Open Debate on Small Arms and Light Weapons

By Ghazal Rahmanpanah  

On 13 May 2015, the Security Council under the Lithuanian presidency held an all-day ministerial-level open debate to discuss the Secretary General’s biennial report on small arms (S/2015/289) with focus on the human cost of the illicit flow of small arms and light weapons (SALW). PeaceWomen monitored the 65-speaker debate, which featured a briefing from Secretary-General Ban Ki-moon, High Commissioner for Human Rights Prince Zeid Ra’ad al Hussein, and president of the Côte D’Ivoire chapter of the West Africa Action Network on Small Arms (WAANSA) Karamoko Diakité.

Secretary General Ban Ki-moon began the debate by citing the widespread availability of small arms over the past decade as a major factor in over 250 conflicts, which leads to a denial of education and health, criminality, illicit plundering of natural resources, decreased trade and investment, violence against women and girls, gang violence, and impunity of Rule of Law. Prince Zeid Ra’ad al Hussein highlighted the flow of small arms as a direct catalyst for lawlessness and violence against the most vulnerable civilian groups. As Prince al Hussein stated, “the most bullet-ridden humans are ordinary people, not combatants, and the most vulnerable members of society: women, children, and the elderly.” Finally, Diakité echoed the Secretary-General and High Commissioner by calling for universal accession to the Arms Trade Treaty (ATT) and for increased participation of women in disarmament, peacekeeping operations, and peace processes.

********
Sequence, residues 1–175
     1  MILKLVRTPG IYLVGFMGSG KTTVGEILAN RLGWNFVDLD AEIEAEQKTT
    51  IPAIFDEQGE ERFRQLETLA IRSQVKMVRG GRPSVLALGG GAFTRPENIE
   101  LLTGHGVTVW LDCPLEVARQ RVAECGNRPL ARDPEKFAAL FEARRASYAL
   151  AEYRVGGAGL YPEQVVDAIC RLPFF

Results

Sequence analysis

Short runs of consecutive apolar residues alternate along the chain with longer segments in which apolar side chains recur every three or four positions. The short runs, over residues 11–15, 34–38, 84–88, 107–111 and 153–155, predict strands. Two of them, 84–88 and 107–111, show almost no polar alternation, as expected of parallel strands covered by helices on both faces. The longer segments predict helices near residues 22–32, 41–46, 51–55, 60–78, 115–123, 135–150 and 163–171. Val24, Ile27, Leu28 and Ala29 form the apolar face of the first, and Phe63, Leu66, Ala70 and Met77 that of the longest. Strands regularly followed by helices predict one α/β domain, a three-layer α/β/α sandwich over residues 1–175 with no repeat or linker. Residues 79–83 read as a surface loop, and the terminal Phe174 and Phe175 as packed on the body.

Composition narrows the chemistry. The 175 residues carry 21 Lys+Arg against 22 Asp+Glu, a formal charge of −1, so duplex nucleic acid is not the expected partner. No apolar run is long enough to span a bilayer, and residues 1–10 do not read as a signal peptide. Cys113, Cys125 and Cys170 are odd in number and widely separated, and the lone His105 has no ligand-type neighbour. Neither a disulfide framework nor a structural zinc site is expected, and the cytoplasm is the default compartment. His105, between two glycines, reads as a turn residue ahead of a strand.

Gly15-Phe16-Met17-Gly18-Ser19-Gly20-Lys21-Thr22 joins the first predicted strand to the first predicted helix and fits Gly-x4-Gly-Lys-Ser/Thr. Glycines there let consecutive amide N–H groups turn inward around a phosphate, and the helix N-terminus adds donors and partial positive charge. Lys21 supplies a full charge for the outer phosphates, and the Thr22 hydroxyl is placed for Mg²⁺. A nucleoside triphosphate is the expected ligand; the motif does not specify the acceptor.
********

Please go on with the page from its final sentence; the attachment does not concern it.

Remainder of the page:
Numerous speakers cited the disproportionate impact of the arms proliferation on gender-based violence and violence against women. While many highlighted the flow of illicit arms on “vulnerable groups” such as women and children, there was limited reference to women in the call for action against SALW. Speakers, such as Lithuania, the European Union, and Thailand, stressed the need for women’s participation in addressing small arms proliferation through inclusion in disarmament initiatives and post-conflict capacity building.

Read our full analysis here.